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Oral classes for absolute beginners

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Joined: 25 Jun 2013
Posts: 1
Location: Pindamonhangaba - São Paulo - Brasil

PostPosted: Fri Jun 28, 2013 10:54 pm    Post subject: Oral classes for absolute beginners Reply with quote

I teach adults in a college in Brazil. The most difficult for me it's to make them to participate in an oral class. Do have a tip about how can I do to have an effective oral class for absolute beginners? What kind of material would you sugeest?

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Sally Olsen

Joined: 08 Apr 2004
Posts: 1294
Location: Canada,France, Brazil, Japan, Mongolia, Greenland, Canada, Mongolia, Ethiopia next

PostPosted: Sat Jun 29, 2013 10:31 am    Post subject: Reply with quote

I got the students in groups of 4 to 6 depending on the class size. Then they chose a project to do for the group. Of course, their discussions on who would find what information and how to present it to the group were to be in English. At first it was mostly in their own language but I appointed an English monitor for each group and they kept track of how much English was spoken. They got points for the times that they recorded. They didn't have to nag - just record obviously with a stop watch. Of course, I checked on each group as well and encouraged them to rephrase what they had just said in their own language in English. Because they were talking about a subject they enjoyed or felt passionate about, they usually participated. There are always going to be the quiet ones but I looked for people who didn't participate in the group and would meet with them privately and encourage them. They often didn't participate in their own language so it was a pattern. However, the quiet ones often did more on the project than the others. They did get talking time with me and some managed to to change their ways a bit. Be patient with the quiet ones and wait a little longer than you normally would for their answers to their questions and don't interupt or "help" them.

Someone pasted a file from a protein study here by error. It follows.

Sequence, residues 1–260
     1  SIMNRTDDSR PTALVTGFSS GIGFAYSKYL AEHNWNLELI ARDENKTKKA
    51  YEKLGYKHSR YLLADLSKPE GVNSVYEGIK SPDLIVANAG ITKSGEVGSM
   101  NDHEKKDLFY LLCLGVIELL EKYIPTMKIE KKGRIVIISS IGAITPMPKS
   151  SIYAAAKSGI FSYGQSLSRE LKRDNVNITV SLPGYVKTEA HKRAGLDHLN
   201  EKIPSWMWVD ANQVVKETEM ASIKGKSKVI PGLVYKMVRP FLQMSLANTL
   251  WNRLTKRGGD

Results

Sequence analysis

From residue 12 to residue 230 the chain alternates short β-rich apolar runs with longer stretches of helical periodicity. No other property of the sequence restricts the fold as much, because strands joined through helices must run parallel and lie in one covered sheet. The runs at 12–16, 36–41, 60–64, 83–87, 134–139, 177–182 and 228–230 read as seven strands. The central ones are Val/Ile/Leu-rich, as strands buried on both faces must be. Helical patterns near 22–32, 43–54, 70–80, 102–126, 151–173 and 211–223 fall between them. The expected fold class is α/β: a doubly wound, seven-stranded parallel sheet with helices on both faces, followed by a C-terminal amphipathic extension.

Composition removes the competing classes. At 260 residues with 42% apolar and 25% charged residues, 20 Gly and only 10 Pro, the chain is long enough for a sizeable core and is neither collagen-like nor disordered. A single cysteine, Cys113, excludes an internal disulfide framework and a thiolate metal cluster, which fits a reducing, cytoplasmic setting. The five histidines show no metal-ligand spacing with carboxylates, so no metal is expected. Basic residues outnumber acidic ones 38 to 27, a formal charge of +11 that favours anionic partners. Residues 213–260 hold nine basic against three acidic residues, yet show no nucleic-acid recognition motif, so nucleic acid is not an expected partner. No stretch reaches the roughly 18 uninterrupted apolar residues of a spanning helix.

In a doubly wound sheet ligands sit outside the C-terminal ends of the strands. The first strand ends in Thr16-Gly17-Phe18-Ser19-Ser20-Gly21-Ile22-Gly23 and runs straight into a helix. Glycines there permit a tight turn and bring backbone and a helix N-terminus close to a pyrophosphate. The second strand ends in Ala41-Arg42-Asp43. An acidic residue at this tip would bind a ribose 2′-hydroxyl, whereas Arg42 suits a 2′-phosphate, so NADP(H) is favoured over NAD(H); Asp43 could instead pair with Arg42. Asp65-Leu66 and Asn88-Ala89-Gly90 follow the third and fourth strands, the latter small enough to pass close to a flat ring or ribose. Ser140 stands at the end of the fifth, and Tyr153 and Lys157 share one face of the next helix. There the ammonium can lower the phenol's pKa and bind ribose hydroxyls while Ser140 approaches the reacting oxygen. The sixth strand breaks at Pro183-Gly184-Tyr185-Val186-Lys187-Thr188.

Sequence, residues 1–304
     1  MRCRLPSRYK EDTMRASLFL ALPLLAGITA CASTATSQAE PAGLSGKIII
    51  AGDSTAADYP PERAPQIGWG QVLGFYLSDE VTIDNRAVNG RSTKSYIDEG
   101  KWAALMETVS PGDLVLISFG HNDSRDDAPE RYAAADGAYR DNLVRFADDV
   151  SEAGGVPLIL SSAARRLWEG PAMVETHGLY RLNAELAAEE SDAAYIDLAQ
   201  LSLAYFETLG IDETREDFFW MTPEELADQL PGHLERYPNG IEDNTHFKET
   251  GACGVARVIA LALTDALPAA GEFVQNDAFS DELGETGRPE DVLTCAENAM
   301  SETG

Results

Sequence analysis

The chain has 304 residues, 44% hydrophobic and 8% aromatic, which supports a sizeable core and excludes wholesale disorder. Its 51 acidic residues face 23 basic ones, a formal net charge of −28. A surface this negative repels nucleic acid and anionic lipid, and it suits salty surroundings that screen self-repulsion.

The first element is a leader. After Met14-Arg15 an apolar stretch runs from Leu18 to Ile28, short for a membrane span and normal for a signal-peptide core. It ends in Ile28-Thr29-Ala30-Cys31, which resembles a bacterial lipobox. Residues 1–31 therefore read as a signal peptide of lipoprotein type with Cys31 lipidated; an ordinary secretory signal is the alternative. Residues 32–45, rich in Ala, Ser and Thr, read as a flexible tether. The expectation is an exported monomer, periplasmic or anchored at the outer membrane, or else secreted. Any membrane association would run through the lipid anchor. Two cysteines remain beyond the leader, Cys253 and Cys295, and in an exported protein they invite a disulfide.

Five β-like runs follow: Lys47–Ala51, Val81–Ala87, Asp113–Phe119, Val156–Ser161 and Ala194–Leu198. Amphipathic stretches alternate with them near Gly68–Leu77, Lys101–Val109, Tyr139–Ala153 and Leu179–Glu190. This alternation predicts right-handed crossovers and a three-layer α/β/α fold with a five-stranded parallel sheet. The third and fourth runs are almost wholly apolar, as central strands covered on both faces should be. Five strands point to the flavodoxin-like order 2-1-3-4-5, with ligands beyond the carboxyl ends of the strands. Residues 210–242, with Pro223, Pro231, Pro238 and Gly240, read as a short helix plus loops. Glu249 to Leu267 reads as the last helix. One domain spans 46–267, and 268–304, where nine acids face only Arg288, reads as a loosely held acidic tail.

I also had them meet with me or an assistant individually to talk for 10 minutes about an assigned subject. I taped recorded the talk and then let them have the tape. They could practice other answers to questions and add that to the tape. We listened to the tape again after a month to see if they could spot their mistakes. It helped them to see that they were progressing.

I tried to make sure that there was no bullying when people tried to talk and made mistakes. It was hard at first because I didn't know enough of the language to understand the teasing but you can often tell from body language of the teaser or the teased. Asking the teaser to say what they had said in their own language in English often stops that kind of thing and makes a safe atmosphere. Of course, you can't bully the bullies and have to make the experience light and for learning. If someone continues, you can speak to them privately.

The biggest influence was for me to speak in their language and make mistakes but laugh them off and really try to correct them. I made some doozies, like the time I thought I asked for beef but really said that I wanted human meat or the time I pointed to my dog and thought I said, "This is my dog" but really said, "This is my husband." I bet those stories are still being told in the staff room.
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Joined: 02 Sep 2013
Posts: 22
Location: Asia, Middle East, Europe, USA

PostPosted: Sat Nov 23, 2013 8:17 pm    Post subject: Reply with quote


What size is the class? Are they all absolute beginners? I'd put them into groups and use a lot of guessing games, vocab sorting games and situational games to start. Watching and listening to simple dialogues and then role playing. Keep everything simple, fun and engaging and you should get a positive response.

Katrina (
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